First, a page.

A triple-threat is decimating the population of vultures in Botswana, pushing the speciesí already dicey numbers closer to the brink of disappearance. While playing the Devilís Advocate, Staff Writer MBONGENI MGUNI, discovers the beauty of a much-maligned and misunderstood bird
Not many people lie awake at night and think about the plight of Botswana’s vultures. In fact, for many people, vultures are an odious creature that literally feeds off the dead. It is an unwelcome and ungainly sight linked forever with the stench of decomposition.
There are some who would not bat an eyelid should it be announced this very day that only a handful of vultures remain in Botswana. After all, of what use are they, besides inadvertently pointing out that something has died?
Kabelo Senyatso is one man who does lie awake at night thinking about the plight of the country’s vultures. And he has the answer to the question, “So what?”
“We believe there are two main reasons why people should care about the decimation of vultures,” the BirdLife Botswana director says in an interview at his offices located in the woods near Gaborone Dam.
The first is that vultures act as nature’s clean up crew in the event of some of agriculture’s most harmful outbreaks, such as anthrax and rabies.
“Rabies can be found in animals other than dogs, such as hyenas and the more vultures you lose, the more such carnivorous scavengers increase in numbers, thus boosting the risk to farmers of contagion to animals such as cattle. “Anthrax is a highly contagious virus that transmits very easily from one animal to another at death. The safest way to dispose of it is to burn the animal, bury it and clean the area where it was. Just think how large some of national parks are and you will see that this would only happen where wildlife officers find each carcass, otherwise an outbreak occurs.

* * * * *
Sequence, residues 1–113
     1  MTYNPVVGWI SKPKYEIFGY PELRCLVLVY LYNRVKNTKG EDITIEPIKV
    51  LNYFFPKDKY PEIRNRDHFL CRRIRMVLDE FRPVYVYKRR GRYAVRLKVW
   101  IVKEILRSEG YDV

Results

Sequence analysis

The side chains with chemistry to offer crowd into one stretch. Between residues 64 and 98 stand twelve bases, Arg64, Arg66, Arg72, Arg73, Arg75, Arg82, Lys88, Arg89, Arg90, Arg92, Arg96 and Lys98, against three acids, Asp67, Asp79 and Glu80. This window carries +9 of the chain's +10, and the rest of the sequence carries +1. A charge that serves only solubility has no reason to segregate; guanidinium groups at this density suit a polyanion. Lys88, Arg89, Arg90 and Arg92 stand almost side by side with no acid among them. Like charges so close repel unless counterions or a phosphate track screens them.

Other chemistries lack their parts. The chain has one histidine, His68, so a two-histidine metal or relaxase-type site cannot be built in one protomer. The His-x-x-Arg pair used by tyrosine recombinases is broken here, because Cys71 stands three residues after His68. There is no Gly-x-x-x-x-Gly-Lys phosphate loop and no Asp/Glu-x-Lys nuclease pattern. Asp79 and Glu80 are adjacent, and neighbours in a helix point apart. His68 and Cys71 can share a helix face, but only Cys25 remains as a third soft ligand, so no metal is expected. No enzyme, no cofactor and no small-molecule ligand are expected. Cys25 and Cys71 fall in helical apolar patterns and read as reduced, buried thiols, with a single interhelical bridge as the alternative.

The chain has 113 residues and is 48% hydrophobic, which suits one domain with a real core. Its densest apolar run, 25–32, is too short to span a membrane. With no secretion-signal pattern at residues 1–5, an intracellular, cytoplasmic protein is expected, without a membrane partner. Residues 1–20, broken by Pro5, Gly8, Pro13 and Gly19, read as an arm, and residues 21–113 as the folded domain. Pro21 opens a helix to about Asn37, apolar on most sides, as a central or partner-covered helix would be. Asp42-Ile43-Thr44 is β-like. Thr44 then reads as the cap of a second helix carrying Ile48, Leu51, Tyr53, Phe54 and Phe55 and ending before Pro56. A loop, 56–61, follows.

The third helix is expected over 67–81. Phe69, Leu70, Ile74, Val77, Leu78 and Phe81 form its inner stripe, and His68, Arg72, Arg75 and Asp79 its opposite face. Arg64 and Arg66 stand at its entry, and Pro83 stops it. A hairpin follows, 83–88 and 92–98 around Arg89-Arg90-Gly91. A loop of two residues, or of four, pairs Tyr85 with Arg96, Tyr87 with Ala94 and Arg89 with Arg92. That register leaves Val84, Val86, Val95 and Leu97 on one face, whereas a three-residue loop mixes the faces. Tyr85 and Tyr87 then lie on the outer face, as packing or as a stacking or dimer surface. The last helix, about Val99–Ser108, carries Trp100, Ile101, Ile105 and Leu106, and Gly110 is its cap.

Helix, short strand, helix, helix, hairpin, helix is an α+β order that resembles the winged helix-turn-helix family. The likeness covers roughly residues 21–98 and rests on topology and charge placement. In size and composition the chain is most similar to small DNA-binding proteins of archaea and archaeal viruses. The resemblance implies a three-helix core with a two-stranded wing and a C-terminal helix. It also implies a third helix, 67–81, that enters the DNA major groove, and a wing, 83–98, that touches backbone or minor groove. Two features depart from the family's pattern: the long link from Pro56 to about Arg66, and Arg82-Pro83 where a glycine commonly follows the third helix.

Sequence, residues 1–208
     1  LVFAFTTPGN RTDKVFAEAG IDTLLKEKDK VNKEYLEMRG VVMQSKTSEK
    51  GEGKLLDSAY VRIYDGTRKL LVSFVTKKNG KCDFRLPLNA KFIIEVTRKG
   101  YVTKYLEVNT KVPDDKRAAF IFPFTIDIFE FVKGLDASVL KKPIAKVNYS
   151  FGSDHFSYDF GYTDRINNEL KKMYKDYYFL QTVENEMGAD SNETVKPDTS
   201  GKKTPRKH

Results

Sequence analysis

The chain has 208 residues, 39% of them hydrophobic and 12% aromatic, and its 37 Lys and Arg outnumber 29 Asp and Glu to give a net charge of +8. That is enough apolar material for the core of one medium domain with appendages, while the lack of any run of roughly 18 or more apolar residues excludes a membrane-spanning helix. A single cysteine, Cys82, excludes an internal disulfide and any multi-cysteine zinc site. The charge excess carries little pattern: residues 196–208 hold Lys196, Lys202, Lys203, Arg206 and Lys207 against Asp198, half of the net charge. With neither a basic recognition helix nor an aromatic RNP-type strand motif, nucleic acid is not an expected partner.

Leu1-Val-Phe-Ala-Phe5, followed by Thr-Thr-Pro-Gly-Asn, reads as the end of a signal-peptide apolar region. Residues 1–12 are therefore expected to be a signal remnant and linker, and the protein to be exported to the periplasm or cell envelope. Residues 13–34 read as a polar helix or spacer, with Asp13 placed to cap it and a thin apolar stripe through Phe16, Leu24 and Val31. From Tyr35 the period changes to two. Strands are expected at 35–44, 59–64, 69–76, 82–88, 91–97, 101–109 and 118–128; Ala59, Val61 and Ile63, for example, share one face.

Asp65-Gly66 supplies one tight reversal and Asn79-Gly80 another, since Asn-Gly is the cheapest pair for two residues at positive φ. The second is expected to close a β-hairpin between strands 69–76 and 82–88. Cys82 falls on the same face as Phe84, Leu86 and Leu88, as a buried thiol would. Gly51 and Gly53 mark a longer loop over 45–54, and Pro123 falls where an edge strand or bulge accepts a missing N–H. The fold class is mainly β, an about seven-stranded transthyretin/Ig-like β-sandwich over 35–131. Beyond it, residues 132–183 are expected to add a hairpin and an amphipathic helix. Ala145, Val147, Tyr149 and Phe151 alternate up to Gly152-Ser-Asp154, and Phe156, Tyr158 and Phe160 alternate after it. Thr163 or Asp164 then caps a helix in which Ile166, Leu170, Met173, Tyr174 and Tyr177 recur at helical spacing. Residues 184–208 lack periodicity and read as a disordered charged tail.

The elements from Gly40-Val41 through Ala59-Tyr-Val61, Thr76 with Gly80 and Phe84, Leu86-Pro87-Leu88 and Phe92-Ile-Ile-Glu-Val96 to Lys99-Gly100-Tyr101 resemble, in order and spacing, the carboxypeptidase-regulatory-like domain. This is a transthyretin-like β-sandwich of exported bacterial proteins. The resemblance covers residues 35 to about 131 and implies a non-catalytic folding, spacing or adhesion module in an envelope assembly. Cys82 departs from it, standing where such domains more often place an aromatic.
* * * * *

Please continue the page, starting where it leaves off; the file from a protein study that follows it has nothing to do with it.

“Vultures, however, do not contract anthrax. They gladly come and eat without any problem, thus removing anthrax from the environment.”
An anthrax outbreak in 2004 killed about 250 buffaloes and closed large sections of Chobe National Park, resulting in loss of revenues.
Vultures also represent a money-spinning opportunity via tourism as a sub-sector
While BirdLife Botswana is yet to quantify the potential value of the vultures as a tourism venture, South Africa and Namibia are already running successful industries based on these birds.
“What that means is that there are many localities where vultures are the main attraction, such as Otse. In South Africa, there are vulture attractions where people come with meat to throw at them.
“We have similar thoughts,” Senyatso says.
The grandiose plans, however, may have to wait as the association’s most immediate task is to plug the death rate among vultures. At least 2,000 vultures were killed last year – mostly from poisoning – and more incidents of mass deaths come in nearly every month.
In Otse, one of two known breeding colonies in Botswana, vulture numbers have collapsed from 600 in the 1990s to about 150 as at May. In July 2013, 600 vultures died in a single incident at Chobe National Park, while 280 died in yet another at Lesome.
Just under 300 birds died in a single poisoning incident in the Okavango Delta in May while in the latest report, 10 birds were found dead at Tswagare in Borolong in the second week of September.
Vultures in Botswana face a triple-threat of poisoning with the major aggressor being poachers who lace their illegal quarry with harmful chemicals to prevent vultures from circling overhead.
“They apply chemicals on their prey to stop the vultures from showing that there is a dead animal and thus attracting the attention of security personnel,” Senyatso explains. “This particular motivation has caused more deaths than any other.”
Besides poachers, farmers poison carcasses to prevent the influx of hyenas. However, vultures almost always arrive first, with deadly results. The last factor in the triple-threat against vultures is lead poisoning, which occurs when vultures consume bullet-riddled carcasses, or when they eat animals that have suffered lead poisoning such as those that roam busy highways.